Whilst Australia is clearly a very successful multicultural society, ironically, a notable feature of its policy is the absence of inclusion as a governing principle. The policy merely provides a neutral space in which the religious "other" has the right to their beliefs and practices, whilst the religious majority has the obligation of tolerance. In an effort to compensate for this absence, well-intentioned state promoters of interfaith dialogue have generally focused on our religious commonalities, in an effort to highlight a "sameness." This is intended to reduce our fear of the "other" and thereby promote greater levels of social cohesion. However this paper will argue that it is ultimately a cosmopolitanist emphasis on our religious differences that will not only be more ideologically aligned with multiculturalist theory, but more importantly, elevate us to an inclusivity that transcends the passivity of mere tolerance.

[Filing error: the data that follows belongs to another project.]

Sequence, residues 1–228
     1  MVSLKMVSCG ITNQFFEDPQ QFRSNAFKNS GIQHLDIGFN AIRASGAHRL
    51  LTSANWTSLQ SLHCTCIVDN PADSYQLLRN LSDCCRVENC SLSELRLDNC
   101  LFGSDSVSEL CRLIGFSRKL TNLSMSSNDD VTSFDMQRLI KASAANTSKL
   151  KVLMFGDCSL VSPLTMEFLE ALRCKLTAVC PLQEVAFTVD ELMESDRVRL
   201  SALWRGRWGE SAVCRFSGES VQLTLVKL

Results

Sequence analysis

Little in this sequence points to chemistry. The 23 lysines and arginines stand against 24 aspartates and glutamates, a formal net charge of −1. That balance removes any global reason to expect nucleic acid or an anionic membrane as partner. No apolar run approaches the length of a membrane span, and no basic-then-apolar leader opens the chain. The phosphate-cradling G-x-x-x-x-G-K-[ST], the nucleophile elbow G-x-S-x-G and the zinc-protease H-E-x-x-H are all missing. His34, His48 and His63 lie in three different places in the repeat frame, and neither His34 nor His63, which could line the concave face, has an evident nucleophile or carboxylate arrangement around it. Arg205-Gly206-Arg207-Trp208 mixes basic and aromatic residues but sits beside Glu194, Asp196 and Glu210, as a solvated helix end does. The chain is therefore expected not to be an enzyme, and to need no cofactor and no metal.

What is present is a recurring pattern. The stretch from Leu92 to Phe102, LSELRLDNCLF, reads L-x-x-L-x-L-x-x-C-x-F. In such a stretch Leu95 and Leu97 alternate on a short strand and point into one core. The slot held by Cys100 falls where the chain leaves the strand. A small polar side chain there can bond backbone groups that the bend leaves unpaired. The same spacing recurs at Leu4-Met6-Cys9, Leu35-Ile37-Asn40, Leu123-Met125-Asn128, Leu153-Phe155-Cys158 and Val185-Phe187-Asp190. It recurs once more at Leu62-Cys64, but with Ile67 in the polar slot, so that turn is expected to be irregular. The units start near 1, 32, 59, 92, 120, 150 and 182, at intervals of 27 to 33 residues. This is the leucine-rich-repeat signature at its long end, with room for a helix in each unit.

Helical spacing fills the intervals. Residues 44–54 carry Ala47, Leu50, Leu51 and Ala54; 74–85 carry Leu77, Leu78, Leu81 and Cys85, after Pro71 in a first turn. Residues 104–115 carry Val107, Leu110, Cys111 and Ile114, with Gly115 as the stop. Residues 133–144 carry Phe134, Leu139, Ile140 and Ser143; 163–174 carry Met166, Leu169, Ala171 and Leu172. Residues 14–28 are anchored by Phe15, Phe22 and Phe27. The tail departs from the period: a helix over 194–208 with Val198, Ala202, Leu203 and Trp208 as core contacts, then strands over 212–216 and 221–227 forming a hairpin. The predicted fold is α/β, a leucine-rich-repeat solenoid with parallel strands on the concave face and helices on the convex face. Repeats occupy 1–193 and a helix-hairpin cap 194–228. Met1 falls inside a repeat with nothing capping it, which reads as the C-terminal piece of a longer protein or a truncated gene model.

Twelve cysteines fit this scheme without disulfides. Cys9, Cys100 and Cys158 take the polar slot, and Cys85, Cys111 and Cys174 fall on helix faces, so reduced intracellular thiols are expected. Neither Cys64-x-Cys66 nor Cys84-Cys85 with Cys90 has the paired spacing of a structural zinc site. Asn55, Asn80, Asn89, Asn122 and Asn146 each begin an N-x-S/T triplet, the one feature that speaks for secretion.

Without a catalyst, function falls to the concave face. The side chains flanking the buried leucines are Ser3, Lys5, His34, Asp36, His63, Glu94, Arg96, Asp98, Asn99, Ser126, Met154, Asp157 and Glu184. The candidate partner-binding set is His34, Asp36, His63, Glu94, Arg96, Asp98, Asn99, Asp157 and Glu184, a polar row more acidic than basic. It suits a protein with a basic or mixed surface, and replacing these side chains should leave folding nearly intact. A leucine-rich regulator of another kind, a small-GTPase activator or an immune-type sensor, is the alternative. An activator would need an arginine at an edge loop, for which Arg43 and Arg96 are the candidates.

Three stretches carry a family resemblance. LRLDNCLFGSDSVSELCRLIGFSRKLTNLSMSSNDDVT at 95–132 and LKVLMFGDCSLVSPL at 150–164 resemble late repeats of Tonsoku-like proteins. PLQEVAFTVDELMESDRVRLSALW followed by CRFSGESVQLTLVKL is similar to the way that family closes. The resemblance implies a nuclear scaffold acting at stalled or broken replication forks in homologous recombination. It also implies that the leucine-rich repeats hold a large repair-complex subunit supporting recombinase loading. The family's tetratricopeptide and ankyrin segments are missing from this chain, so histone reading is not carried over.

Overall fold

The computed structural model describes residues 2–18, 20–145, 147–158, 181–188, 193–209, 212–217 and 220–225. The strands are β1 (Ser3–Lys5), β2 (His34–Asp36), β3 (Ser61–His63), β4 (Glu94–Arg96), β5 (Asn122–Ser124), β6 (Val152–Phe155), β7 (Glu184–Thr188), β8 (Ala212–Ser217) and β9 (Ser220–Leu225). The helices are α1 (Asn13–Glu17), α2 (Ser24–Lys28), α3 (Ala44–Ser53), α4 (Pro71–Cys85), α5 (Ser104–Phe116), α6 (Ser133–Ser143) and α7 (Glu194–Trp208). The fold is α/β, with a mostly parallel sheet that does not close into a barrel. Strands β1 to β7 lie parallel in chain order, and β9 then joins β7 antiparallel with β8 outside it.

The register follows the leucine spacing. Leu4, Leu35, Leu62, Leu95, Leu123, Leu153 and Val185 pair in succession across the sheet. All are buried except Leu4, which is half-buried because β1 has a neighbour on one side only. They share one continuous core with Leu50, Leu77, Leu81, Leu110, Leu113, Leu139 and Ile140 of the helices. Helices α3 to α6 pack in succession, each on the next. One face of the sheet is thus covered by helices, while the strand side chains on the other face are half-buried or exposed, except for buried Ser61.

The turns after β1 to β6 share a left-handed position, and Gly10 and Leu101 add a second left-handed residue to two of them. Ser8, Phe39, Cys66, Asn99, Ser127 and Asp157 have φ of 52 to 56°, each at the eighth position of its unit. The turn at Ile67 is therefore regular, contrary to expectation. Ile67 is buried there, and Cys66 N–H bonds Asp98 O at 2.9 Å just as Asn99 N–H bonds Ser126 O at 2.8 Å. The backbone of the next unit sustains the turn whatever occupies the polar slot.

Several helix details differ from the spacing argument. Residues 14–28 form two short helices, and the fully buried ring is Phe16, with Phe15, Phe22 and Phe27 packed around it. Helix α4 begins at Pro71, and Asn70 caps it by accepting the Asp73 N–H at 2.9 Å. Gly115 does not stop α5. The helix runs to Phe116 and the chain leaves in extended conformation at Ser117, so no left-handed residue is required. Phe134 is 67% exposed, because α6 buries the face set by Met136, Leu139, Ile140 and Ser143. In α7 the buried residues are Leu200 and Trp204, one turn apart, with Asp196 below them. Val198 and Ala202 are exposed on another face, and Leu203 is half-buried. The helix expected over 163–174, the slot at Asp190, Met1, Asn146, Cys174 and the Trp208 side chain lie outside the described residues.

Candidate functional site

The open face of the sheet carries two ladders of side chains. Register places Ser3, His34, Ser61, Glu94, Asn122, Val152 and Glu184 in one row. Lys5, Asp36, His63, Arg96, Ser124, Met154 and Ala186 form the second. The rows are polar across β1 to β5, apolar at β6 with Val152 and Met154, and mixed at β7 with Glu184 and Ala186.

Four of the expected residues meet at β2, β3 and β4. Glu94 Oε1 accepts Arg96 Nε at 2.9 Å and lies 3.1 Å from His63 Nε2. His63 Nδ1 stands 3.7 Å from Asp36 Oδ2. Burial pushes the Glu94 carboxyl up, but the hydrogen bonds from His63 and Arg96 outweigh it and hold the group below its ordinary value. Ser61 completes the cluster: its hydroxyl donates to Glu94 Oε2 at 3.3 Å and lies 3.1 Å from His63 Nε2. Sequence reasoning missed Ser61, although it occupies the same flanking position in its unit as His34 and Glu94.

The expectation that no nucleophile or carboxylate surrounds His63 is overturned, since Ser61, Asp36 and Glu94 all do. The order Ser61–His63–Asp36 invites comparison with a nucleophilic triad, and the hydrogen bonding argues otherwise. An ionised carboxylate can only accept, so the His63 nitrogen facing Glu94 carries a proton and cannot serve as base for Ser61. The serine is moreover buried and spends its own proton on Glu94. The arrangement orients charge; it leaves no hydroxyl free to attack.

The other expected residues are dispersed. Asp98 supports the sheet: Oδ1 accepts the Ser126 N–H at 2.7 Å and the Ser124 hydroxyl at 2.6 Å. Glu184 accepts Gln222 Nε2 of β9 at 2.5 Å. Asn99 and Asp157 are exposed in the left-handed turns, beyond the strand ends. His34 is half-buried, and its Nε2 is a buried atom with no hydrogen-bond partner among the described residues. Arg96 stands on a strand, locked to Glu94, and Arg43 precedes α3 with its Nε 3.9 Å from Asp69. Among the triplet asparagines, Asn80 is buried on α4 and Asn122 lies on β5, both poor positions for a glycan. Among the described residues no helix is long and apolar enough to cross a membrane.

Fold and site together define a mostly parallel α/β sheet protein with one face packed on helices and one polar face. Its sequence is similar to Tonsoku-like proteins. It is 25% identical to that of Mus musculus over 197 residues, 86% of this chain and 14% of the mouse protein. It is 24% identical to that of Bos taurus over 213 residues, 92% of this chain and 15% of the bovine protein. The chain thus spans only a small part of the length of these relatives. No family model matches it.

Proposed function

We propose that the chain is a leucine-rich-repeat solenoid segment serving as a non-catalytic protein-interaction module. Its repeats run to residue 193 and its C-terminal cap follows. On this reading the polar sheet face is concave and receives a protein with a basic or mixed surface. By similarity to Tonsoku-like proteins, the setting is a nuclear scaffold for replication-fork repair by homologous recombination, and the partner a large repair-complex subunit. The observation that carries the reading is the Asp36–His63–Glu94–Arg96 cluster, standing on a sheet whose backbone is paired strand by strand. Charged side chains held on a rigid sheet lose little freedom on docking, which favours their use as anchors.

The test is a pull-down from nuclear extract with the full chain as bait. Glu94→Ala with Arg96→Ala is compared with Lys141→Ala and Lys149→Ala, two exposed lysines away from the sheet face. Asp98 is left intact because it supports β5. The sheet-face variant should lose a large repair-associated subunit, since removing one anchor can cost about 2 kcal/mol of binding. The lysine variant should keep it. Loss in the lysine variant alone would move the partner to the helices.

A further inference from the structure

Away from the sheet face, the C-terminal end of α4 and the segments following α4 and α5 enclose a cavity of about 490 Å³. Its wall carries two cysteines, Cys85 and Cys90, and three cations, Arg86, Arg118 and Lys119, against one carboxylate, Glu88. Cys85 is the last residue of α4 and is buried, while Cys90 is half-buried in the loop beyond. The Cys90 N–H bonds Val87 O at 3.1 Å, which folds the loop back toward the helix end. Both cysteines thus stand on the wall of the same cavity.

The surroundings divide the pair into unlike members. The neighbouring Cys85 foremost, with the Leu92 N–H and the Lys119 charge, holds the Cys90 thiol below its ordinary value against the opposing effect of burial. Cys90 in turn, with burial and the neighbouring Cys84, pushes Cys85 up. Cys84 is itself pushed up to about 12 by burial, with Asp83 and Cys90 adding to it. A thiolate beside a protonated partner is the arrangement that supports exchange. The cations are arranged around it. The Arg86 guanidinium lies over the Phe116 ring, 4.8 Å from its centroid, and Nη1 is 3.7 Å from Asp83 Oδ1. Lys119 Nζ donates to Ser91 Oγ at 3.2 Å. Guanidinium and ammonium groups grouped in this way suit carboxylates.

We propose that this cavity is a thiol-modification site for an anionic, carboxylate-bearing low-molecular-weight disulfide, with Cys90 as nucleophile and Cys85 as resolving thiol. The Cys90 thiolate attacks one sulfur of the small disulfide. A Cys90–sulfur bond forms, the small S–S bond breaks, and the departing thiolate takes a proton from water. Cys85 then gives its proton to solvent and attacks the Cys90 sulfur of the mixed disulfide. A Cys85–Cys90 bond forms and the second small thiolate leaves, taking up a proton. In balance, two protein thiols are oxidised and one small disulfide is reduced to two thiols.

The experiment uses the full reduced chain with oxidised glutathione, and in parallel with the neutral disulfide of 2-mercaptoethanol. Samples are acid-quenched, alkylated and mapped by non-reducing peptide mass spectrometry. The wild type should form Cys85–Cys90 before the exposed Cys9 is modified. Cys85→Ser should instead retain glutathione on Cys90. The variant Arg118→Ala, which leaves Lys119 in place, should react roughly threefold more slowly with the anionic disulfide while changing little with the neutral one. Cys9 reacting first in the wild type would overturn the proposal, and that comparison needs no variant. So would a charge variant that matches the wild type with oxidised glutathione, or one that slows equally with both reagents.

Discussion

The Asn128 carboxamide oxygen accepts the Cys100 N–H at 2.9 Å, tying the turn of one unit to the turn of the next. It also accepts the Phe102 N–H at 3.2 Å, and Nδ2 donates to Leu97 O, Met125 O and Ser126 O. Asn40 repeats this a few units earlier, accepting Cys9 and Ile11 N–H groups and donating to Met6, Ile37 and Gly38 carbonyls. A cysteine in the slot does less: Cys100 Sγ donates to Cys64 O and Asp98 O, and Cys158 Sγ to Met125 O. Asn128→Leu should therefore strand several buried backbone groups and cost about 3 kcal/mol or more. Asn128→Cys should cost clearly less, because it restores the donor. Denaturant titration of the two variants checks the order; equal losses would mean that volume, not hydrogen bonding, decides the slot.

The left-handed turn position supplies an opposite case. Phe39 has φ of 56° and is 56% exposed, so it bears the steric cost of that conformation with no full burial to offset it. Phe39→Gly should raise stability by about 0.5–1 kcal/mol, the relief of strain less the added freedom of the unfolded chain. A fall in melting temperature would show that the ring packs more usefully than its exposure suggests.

PhD Student, Centre for Islamic Thought and Education, University of South Australia, Australia
South Australia, Australia
I developed an interest in interfaith dialogue during trips to the Middle East, where I saw first hand the results of systematic failure to dialogue with the other, and develop policies and strategies to promote inclusivity. I wondered to what extent Australia's multicultural policy and strategies can protect us from possible future conflict by shifting us beyond mere tolerance. My interest became focussed around the relationship between Muslim and Christian communities, given incidents like the Cronulla riots, church and mosque vandelism and rising xenophobia. Given the seeming lack of interest in Christian Muslim dialogue in my home city of Adelaide, I was motivated in doing a PhD to further explore the possibilites of developing greater inclusivity betwen these two communities. I am currently in the first year of this PhD.